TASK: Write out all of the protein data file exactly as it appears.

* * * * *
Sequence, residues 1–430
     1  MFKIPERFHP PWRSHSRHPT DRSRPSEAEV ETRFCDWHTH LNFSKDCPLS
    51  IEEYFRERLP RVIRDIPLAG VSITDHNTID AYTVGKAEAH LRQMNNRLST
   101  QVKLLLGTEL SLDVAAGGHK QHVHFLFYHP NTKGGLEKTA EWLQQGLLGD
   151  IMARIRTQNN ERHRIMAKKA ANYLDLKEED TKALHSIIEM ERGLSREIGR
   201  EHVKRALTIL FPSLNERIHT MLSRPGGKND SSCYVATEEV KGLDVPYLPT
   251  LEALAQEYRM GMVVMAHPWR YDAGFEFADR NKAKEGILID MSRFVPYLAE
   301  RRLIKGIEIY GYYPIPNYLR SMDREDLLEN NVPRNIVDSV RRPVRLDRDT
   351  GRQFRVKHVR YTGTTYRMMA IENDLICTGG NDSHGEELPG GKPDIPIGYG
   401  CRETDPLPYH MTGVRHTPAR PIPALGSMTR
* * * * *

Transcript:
Sequence, residues 1–430
     1  MFKIPERFHP PWRSHSRHPT DRSRPSEAEV ETRFCDWHTH LNFSKDCPLS
    51  IEEYFRERLP RVIRDIPLAG VSITDHNTID AYTVGKAEAH LRQMNNRLST
   101  QVKLLLGTEL SLDVAAGGHK QHVHFLFYHP NTKGGLEKTA EWLQQGLLGD
   151  IMARIRTQNN ERHRIMAKKA ANYLDLKEED TKALHSIIEM ERGLSREIGR
   201  EHVKRALTIL FPSLNERIHT MLSRPGGKND SSCYVATEEV KGLDVPYLPT
   251  LEALAQEYRM GMVVMAHPWR YDAGFEFADR NKAKEGILID MSRFVPYLAE
   301  RRLIKGIEIY GYYPIPNYLR SMDREDLLEN NVPRNIVDSV RRPVRLDRDT
   351  GRQFRVKHVR YTGTTYRMMA IENDLICTGG NDSHGEELPG GKPDIPIGYG
   401  CRETDPLPYH MTGVRHTPAR PIPALGSMTR